He deferred to Sipho Gcabashe, a member of the ANC and also a speaker on campus the first week of November, who said, "The third force is what our own people have used to draw a line between what the government is doing openly and what it is doing covertly." Gcabashe also noted the involvement of foreign governments, such as the United States, as part of the unrecognized "third force."
A member of the audience said some have spoken of the third force "as if there were some ghost out there instigating violence. But the resources behind it suggest it is something more substantial than a ghost."
Jansen added that "these ghosts don't necessarily come in one color."
Jansen warned that his last two theses were controversial and likely to provoke opposition:
For example, he said, "it is very unlikely that what the right wing wants, it will get.... The black middle class is being accommodated at a rate about equal to the rate whites are falling out of the system."
Jansen recalls witnessing a moment in Pretoria that was emblematic of the potential for violence as social relationships shift: A young white man in his 30s was standing with an empty can, begging for money, while a passing black businessman, in a pin-striped suit, dropped some money into it.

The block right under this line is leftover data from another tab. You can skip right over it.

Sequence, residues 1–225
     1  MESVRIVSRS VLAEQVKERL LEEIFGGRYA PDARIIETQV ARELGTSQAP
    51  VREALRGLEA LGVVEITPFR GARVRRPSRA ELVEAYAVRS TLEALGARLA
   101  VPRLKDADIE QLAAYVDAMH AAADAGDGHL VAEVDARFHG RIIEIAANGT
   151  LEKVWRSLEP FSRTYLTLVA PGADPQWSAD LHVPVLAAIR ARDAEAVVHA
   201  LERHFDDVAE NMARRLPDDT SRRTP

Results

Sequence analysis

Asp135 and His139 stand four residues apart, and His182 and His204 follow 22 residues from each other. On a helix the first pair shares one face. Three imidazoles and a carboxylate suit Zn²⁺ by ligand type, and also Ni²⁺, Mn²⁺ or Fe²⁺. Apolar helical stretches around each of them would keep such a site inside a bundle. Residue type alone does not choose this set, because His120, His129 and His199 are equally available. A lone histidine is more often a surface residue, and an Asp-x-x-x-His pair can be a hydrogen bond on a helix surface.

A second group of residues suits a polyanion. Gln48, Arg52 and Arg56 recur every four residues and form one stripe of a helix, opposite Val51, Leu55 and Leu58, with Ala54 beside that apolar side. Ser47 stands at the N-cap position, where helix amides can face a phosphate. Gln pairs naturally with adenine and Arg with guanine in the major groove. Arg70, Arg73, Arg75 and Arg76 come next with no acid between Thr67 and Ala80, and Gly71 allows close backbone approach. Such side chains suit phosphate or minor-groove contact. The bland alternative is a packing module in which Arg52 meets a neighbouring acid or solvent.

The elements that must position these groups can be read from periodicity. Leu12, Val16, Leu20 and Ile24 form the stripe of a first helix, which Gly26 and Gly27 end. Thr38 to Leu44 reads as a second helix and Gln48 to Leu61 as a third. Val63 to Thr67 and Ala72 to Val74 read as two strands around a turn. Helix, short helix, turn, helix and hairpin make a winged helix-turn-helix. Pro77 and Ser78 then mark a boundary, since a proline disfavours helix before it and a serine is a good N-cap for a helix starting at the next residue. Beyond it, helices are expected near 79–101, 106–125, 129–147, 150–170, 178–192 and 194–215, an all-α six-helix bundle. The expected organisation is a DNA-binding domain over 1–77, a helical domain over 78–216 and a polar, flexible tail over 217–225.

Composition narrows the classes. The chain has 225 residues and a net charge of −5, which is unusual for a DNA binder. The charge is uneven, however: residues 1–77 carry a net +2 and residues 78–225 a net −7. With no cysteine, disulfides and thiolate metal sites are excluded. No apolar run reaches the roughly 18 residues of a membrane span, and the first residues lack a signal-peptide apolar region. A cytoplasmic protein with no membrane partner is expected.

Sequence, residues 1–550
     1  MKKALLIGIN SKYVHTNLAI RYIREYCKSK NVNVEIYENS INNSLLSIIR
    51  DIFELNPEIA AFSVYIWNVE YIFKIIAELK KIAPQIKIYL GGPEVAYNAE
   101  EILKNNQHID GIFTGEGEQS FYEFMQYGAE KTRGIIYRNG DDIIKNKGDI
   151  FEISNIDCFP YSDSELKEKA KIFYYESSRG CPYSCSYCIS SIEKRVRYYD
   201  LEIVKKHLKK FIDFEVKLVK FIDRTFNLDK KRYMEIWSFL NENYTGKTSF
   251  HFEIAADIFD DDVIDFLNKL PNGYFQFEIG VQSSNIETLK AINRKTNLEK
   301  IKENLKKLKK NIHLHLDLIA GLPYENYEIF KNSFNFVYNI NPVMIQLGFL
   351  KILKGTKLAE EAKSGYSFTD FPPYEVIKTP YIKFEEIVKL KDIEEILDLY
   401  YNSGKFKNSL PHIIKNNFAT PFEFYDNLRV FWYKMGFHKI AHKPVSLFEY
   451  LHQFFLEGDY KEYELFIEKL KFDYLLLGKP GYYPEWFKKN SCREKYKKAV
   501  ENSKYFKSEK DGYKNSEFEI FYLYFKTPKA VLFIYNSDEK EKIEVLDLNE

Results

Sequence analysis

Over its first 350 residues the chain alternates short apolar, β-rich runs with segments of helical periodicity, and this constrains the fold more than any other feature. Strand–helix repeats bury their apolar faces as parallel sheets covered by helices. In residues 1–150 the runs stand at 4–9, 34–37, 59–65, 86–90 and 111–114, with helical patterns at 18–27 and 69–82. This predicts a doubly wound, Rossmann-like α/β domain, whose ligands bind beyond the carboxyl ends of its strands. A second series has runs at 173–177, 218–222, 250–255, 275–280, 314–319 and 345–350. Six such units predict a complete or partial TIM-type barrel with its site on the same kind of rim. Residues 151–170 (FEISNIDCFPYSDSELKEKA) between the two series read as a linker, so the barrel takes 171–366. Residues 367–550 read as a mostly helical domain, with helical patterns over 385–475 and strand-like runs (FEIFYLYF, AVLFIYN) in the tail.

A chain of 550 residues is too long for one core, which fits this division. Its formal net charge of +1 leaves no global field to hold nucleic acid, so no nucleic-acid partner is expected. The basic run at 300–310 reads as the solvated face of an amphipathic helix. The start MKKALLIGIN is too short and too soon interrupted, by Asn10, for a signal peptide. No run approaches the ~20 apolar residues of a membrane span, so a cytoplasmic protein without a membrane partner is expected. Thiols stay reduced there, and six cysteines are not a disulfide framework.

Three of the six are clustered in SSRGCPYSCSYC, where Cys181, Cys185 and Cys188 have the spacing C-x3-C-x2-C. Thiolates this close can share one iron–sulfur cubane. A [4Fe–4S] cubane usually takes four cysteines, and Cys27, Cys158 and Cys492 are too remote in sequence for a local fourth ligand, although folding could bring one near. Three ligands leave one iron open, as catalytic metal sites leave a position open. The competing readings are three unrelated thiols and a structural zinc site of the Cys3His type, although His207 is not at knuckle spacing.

"At that moment, I wished I had a camera," said Jansen.
According to Jansen, "In the transition away from authoritarianism, as the stakes for power increase, so, unfortunately, will the violence."
During a question-and-answer period, someone asked if the need for retribution and vengeance will motivate violence in South Africa's future, and noted the South African government's refusal to acknowledge its historic role in the violence as F.W. DeKlerk's government tries to "close the book," as it says repeatedly, on apartheid.
"The problem with DeKlerk 'closing the books' is that when he does so, he always finds a few pages missing," Jansen said. "We've got to come clean. We have to say this was what happened, this is what's involved and it needs this response - for all negotiating parties, especially the government."
Another member of the audience noted the similarities between South African violence and U.S. urban violence.
"I think there are striking parallels - but also important differences," Jansen responded. He said that the violence reflected "the extent to which, in both societies, people are falling out of the system. This provides the grounds for a lot of social unrest and instability."
However, he added, in the United States, "you could call out the National Guard and restore some semblance of order.
"If you call out our equivalent of the National Guard," Jansen said, "you would have another riot on your hands."